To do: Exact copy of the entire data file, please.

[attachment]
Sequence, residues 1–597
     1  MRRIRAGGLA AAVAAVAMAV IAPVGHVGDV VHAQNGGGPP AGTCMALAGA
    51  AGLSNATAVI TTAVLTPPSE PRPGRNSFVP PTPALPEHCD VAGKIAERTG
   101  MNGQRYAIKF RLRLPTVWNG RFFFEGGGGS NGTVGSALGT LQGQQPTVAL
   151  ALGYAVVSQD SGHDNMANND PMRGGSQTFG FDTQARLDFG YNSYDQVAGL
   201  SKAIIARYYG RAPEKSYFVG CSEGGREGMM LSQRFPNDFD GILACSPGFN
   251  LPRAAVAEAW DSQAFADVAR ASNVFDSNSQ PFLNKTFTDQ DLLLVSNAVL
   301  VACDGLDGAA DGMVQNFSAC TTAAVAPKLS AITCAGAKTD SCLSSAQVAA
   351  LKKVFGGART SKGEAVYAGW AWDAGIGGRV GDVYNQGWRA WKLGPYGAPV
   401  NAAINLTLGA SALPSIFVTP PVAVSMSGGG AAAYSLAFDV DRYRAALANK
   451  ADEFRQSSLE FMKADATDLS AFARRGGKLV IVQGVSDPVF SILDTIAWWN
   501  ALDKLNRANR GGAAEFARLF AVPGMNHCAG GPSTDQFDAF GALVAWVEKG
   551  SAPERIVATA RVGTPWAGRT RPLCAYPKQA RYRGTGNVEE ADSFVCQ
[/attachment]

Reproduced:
Sequence, residues 1–597
     1  MRRIRAGGLA AAVAAVAMAV IAPVGHVGDV VHAQNGGGPP AGTCMALAGA
    51  AGLSNATAVI TTAVLTPPSE PRPGRNSFVP PTPALPEHCD VAGKIAERTG
   101  MNGQRYAIKF RLRLPTVWNG RFFFEGGGGS NGTVGSALGT LQGQQPTVAL
   151  ALGYAVVSQD SGHDNMANND PMRGGSQTFG FDTQARLDFG YNSYDQVAGL
   201  SKAIIARYYG RAPEKSYFVG CSEGGREGMM LSQRFPNDFD GILACSPGFN
   251  LPRAAVAEAW DSQAFADVAR ASNVFDSNSQ PFLNKTFTDQ DLLLVSNAVL
   301  VACDGLDGAA DGMVQNFSAC TTAAVAPKLS AITCAGAKTD SCLSSAQVAA
   351  LKKVFGGART SKGEAVYAGW AWDAGIGGRV GDVYNQGWRA WKLGPYGAPV
   401  NAAINLTLGA SALPSIFVTP PVAVSMSGGG AAAYSLAFDV DRYRAALANK
   451  ADEFRQSSLE FMKADATDLS AFARRGGKLV IVQGVSDPVF SILDTIAWWN
   501  ALDKLNRANR GGAAEFARLF AVPGMNHCAG GPSTDQFDAF GALVAWVEKG
   551  SAPERIVATA RVGTPWAGRT RPLCAYPKQA RYRGTGNVEE ADSFVCQ